Table of contents:
- You will not envy the Volkswagen concern: first, the Germans were staged a demonstrative whipping with Dieselgate, and then, along with the others, they threw them onto the rails along which a crazy ecological train with the face of Greta Thunberg was racing. Five years ago, that would have sounded like nonsense, but the giant's survival now depends on the success of the electric ID family, and it is clear that all possible resources are now directed to this very place. Invest in the development of conventional cars? Sorry, not right now. Or maybe never
You will not envy the Volkswagen concern: first, the Germans were staged a demonstrative whipping with Dieselgate, and then, along with the others, they threw them onto the rails along which a crazy ecological train with the face of Greta Thunberg was racing. Five years ago, that would have sounded like nonsense, but the giant's survival now depends on the success of the electric ID family, and it is clear that all possible resources are now directed to this very place. Invest in the development of conventional cars? Sorry, not right now. Or maybe never
Here are some numbers: by 2022, all VW AG brands will have a total of 27 electric models, with a total circulation of one million units per year. By 2025, already 20 varieties of electric cars are planned for Volkswagen alone - with the same millionth circulation. Further specifics are not called, but the vector is clear. And if you keep in mind that electrification concerns primarily urban cars, a simple conclusion suggests itself: if the plan works, there will be no need to create the next generation of Golf. And if it doesn’t work, there’s nothing.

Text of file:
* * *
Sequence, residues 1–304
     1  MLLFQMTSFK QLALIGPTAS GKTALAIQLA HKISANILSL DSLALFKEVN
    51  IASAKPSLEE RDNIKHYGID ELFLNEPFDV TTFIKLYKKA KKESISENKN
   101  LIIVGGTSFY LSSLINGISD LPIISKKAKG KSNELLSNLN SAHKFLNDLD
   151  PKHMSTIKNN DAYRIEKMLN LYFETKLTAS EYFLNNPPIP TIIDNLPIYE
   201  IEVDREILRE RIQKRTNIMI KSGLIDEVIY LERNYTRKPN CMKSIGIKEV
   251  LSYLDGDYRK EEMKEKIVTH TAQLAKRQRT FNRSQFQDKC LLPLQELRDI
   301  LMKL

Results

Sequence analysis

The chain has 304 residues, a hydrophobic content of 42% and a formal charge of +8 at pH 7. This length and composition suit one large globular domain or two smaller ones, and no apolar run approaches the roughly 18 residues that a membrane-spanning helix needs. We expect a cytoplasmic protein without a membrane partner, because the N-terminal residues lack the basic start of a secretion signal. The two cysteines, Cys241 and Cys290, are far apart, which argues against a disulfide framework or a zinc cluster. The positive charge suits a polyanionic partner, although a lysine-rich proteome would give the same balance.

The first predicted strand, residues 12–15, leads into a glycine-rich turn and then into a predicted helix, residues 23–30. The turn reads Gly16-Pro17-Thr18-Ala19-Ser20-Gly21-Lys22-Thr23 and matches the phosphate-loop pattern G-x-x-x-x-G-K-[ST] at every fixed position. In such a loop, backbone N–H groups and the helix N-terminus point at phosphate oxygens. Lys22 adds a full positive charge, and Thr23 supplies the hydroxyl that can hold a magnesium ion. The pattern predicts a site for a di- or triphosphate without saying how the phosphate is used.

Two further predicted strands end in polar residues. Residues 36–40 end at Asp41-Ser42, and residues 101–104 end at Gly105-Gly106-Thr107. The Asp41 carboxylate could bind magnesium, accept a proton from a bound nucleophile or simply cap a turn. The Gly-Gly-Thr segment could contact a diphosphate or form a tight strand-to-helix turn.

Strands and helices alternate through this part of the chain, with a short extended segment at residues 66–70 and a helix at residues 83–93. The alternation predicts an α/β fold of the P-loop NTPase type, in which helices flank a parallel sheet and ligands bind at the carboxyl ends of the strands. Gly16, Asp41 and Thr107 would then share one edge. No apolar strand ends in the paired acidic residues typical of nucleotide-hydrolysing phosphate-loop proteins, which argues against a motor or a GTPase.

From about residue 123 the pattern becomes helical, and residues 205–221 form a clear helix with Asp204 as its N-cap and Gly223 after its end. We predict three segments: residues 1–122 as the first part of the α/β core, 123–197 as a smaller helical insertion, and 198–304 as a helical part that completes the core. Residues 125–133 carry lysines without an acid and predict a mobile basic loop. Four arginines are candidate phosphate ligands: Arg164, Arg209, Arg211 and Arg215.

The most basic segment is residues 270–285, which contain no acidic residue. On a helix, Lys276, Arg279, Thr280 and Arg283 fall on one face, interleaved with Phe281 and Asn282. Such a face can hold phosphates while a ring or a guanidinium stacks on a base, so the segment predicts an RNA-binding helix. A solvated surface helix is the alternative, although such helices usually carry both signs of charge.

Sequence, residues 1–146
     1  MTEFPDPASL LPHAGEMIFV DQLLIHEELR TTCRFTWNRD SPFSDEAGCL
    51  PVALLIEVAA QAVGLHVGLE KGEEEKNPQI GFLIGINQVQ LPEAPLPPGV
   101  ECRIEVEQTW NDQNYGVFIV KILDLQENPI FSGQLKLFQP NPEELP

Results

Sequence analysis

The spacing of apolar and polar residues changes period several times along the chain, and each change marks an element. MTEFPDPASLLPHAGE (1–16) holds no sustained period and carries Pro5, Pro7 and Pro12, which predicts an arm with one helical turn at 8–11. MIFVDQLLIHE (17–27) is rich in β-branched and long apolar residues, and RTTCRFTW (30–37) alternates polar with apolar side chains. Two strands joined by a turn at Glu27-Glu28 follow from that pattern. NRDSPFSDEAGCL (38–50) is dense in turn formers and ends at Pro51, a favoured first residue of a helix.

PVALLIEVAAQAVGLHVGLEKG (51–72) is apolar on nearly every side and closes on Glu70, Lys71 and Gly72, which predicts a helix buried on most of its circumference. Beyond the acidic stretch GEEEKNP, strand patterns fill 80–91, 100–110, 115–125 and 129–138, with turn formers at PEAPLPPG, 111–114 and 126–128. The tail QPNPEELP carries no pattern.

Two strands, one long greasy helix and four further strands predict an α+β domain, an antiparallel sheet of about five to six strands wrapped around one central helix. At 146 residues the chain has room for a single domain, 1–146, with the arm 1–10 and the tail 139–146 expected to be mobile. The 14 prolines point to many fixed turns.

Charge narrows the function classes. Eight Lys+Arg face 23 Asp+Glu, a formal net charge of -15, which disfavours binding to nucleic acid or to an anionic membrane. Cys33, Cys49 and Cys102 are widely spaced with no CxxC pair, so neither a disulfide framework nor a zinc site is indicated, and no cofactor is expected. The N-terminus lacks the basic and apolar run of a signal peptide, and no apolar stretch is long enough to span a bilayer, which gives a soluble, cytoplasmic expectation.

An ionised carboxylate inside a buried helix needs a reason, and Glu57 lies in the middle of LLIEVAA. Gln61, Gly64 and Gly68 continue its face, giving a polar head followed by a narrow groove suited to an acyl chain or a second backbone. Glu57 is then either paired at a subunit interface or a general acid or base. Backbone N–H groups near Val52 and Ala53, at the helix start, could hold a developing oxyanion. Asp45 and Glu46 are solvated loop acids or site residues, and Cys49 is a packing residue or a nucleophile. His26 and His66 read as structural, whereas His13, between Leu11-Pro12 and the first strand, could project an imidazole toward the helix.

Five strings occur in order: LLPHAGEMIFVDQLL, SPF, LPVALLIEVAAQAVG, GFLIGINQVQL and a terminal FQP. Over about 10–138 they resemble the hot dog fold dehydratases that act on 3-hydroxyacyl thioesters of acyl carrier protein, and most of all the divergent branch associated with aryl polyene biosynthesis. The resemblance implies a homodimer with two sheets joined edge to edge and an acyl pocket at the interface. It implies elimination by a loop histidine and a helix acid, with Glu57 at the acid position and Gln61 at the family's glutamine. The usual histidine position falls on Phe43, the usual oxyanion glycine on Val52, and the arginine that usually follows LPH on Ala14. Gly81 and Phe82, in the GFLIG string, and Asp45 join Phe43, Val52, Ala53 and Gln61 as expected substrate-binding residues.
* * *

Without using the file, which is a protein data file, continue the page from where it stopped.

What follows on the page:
In addition, the third emperor of Wolfsburg has already been officially proclaimed: after the Beetle the Great and Golf the Impeccable, Ayditri Battery ascends the throne, and the transfer of power should go as smoothly as possible. The eighth Golf will look after the heir a little more and retire, and the Germans seem to have made it the most controversial in history on purpose - to save us from regrets. After all, you will have to say goodbye not to the standard of the class and everyone's favorite, but to an indistinct and strange old man.
Okay, this is me romanticizing and trying to find excuses where there are none. In fact, Volkswagen engineers made some very strange mistakes when working on the ID.3 and its future relatives, and Golf just fell into the meat grinder of unification and economy. Having received essentially the same interior as that of ID, only in a different design, it lost one of its main advantages - reference ergonomics.
Why do I say that? Because this whole sensory economy is completely unsuitable for life.
Yes, alarm bells rang out in the interior of the new Tuareg, but there are still more physical keys, and the giant 15-inch "TV" slightly straightens the situation. Simply because all functions, albeit virtualized, are more or less at hand. Here is a quiet horror.
The multimedia itself resembles the Tuareg one, and it is good: smart, beautiful and in most cases nimble, and periodic glitches and slowdowns on duty are attributed to the fact that we are testing "cars from early batches". And in general - updates now arrive "by air", so soon the software will probably be optimized. But the curve of the ergonomic logic of the Golf will not fix it.